State hopeful about blocking Asian carp
BLOOMINGTON — The prospects for blocking Asian carp from the Upper Mississippi River watershed are looking promising.
That’s the gist of where things stand today, according to Steve Hirsch, director of ecological and waters resources at the Minnesota Department of Natural Resources.
Current legislation in Congress would allow for the closing of Lock and Dam One at St. Anthony Falls on the Mississippi River, Hirsch told an audience at the DNR-sponsored Roundtable in Bloomington on Jan. 11.
The legislation is part of the Water Resources and Development Act. It appears likely to pass in both chambers, he said.
“It’s the single best thing the state can do to keep Asian carp out of the Upper Mississippi River watershed,” Hirsch said of closing the Lock and Dam. The closure would again make St. Anthony Falls a natural, geologic barrier to upstream fish migration.
Unfortunately, there is no one, big thing that can be done to block the impending arrival of Asian carp to the Minnesota River system.
And there are very good reasons to believe the invasive carp will find the Minnesota River to their liking.
The fish need a moving, big river for spawning.
They also do well in river systems where there are highly productive side waters — exactly what the Minnesota River also offers, he noted.
Once in the system, it will be impossible to stop their upstream migration for 284 miles to the Churchill Dam at Lac qui Parle Lake. Floodwaters bypass the only other obstruction — the Granite Falls dam — roughly once every four years.
The state is hoping that the arrival of Asian carp into the Minnesota River can be delayed until research provides better tools to manage them. Hirsch also noted that keeping water quality and habitat strong for native species is an important strategy to manage the potential impacts of Asian carp.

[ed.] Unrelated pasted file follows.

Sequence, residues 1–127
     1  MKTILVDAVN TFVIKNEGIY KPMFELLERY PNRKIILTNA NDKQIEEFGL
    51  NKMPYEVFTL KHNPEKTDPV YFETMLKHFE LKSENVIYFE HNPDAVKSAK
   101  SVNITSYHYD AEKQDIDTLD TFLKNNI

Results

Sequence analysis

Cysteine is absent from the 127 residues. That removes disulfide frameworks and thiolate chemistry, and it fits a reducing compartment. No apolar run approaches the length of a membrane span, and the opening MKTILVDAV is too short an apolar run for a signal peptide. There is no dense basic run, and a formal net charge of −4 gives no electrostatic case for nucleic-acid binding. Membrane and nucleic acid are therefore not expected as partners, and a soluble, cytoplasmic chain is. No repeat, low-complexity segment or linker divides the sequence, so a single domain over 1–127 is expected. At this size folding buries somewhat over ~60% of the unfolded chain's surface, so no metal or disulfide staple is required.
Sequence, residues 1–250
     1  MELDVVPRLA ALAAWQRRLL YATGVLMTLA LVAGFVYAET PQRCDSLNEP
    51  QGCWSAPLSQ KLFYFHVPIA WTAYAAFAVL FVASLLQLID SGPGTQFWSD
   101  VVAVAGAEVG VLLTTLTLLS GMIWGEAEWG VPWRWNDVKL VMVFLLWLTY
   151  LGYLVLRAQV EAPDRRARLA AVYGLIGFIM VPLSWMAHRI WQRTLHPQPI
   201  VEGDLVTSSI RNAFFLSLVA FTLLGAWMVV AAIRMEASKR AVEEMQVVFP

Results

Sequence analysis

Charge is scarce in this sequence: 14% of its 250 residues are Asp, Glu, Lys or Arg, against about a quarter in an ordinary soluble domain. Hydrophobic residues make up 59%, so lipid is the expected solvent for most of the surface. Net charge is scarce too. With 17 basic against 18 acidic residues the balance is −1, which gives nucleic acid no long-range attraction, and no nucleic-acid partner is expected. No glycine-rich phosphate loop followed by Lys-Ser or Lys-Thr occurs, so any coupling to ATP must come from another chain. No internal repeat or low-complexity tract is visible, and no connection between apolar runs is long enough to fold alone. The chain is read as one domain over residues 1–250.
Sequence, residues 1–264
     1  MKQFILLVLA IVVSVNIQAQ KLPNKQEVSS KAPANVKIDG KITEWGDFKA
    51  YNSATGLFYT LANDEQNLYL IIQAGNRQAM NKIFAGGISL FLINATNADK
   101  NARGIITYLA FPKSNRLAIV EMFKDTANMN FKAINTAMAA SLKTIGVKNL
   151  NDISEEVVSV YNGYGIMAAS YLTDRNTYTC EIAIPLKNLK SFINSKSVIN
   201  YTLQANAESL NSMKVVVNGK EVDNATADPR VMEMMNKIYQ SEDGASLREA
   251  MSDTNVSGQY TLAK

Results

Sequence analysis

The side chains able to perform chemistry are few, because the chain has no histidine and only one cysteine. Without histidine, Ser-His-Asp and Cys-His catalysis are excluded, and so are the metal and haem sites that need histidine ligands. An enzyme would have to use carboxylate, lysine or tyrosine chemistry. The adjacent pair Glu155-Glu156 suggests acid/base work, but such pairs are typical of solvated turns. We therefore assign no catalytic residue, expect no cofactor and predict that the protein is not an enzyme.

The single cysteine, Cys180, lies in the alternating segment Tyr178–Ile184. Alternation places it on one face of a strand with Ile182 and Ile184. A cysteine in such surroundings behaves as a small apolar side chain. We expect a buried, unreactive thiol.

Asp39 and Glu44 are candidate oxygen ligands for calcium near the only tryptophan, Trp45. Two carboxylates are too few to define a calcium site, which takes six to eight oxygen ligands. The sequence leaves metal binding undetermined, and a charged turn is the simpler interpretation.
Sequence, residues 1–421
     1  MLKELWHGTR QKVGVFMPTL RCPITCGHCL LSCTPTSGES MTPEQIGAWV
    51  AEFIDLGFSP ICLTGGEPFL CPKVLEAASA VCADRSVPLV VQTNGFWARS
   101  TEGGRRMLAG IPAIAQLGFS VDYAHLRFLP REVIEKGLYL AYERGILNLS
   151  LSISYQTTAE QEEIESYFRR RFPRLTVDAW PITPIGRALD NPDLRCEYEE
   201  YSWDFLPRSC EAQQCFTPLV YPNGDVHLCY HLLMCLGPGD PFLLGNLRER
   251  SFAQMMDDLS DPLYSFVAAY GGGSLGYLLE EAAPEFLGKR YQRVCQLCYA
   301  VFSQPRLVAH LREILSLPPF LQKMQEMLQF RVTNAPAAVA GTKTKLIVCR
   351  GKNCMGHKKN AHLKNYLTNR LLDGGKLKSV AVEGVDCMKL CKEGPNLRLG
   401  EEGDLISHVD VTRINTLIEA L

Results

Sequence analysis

In hopes of delaying their arrival, the Minnesota Aquatic Invasive Research Center at the University of Minnesota is seeking funds to look at what can be done at Locks and Dams 2, 5 and 8 on the Mississippi River.
The research would look at whether there are ways to operate the radial arm floodgates at the sites to affect water velocities and make it difficult for the fish to migrate upstream. The research would also look at whether there are already attributes at the sites that are inhibiting upstream colonization by the fish.
Asian carp are currently well-established in the Mississippi River below the lock and dam at Keokuk, Iowa. They are also established in a pool or two upstream. As of now, the carp are not believed to have strong, established populations farther upstream.
Hirsch said there is some reason to believe that the upstream colonization by the fish is a slower process than originally believed, giving hope that Minnesota still has time to take action.
The fish were deliberately released into the U.S. and began showing up in waters where they had not been released in the 1970s.
Nearly four decades later, Minnesota is seeing its first. Four individual Asian carp were documented in Minnesota waters in each of the last two years.
They’ve been periodically showing up in the state’s waters, but there is no evidence that any of the four species of Asian carp has an established population in Minnesota waters, Hirsch said.
“We treat this as one where there is a lot of urgency, but hopefully there is some time to deal with and get some of these things in place,” he said.